Supporting Your Child

There are lots of things that you can do to support your child with their development and learning.

Here are some things that you might find interesting. 


Here you can find examples of the Year 1 Phonics Screening Check

At Wellstead Primary School we use the Letters and Sounds Phonics Programme for all of our phonics teaching.  


Letters and Sounds is a phonics resource published by the Department for Education and Skills in 2007. It aims to build children's speaking and listening skills in their own right as well as to prepare children for learning to read by developing their phonic knowledge and skills. It sets out a detailed and systematic programme for teaching phonic skills for children starting by the age of five, with the aim of them becoming fluent readers by age seven.

There are six overlapping phases. The table below is a summary based on the Letters and Sounds guidance for Practioners and Teachers. For more detailed information, visit the Letters and Sounds website.

Phase Year  Group Phonic Knowledge & Skills
Phase One
Nursery/Reception  Activities are divided into seven aspects, including environmental sounds, instrumental sounds, body sounds, rhythm and rhyme, alliteration, voice sounds and finally oral blending and segmenting.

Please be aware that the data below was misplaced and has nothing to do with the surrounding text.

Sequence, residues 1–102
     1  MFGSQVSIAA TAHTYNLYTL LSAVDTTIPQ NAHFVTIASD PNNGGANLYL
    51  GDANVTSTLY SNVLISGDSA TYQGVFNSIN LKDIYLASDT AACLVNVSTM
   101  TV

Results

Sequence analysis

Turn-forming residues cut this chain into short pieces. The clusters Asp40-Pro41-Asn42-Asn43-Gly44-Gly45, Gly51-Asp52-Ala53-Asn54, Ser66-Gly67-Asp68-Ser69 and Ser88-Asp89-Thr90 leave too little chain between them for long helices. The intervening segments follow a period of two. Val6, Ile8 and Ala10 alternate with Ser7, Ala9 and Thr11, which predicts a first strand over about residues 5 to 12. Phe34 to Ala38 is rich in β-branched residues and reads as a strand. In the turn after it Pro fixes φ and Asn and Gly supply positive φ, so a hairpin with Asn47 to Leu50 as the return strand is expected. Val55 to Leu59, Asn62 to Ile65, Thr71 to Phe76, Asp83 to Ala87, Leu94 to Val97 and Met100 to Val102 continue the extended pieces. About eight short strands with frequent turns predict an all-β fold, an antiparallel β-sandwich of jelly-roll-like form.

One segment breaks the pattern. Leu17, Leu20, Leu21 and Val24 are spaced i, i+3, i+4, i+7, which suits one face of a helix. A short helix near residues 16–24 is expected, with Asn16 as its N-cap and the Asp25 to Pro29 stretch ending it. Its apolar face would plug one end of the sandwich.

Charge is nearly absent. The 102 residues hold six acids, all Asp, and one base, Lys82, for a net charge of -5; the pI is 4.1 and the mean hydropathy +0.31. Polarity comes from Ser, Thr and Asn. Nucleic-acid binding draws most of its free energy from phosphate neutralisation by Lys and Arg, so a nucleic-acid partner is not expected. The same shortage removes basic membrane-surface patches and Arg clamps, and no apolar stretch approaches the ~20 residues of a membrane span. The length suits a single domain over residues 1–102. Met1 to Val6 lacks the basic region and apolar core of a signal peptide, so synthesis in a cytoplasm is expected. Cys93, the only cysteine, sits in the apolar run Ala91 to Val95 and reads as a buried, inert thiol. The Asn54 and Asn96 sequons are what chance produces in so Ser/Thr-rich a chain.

Phase Two  Reception Learning 19 letters of the alphabet and one sound for each. Blending sounds together to make words. Segmenting words into their separate sounds. Beginning to read simple captions.

Phase Three 

Reception The remaining 7 letters of the alphabet, one sound for each. Graphemes such as ch, oo, th representing the remaining phonemes not covered by single letters. Reading captions, sentences and questions. On completion of this phase, children will have learnt the "simple code", i.e. one grapheme for each phoneme in the English language.
Phase Four 
Reception No new grapheme-phoneme correspondences are taught in this phase. Children learn to blend and segent longer words with adjacet consonants, e.g. swim, clap, jump.
Phase Five 
Year 1 Now we move on to the "complex code". Children learn more graphemes for the phonemes which they already know, plus different ways of pronouncing the graphemes they already know.

Visit the Department for Education and Skills website to view the 'Letters and Sounds - Principles and Practice of High Quality Phonics' documentation.


PhonicsBugClubLogoWe support our teaching of phonics with bug club teaching tools, reading books and phonics e-books to give your children a firm, fun foundation in phonics with a complete phonics programme that's proven to raise reading standards. KS1 children have a unique log in code to allow them to enjoy reading and collecting bug club points. Visit the Active Learn website to find out more.


At Wellstead we use the series of 'Oxford Reading Tree' books to support reading. Biff, Chip and Kipper are loved by millions of children and are frequently ranked in the top ten of children's favourite characters.

Created by Roderick Hunt and Alex Brychta, these stories are guaranteed to hook your children into reading as they follow Biff, Chip and Kipper on their magical adventures. Not only that, they are perfectly matched to the new National Curriculum too!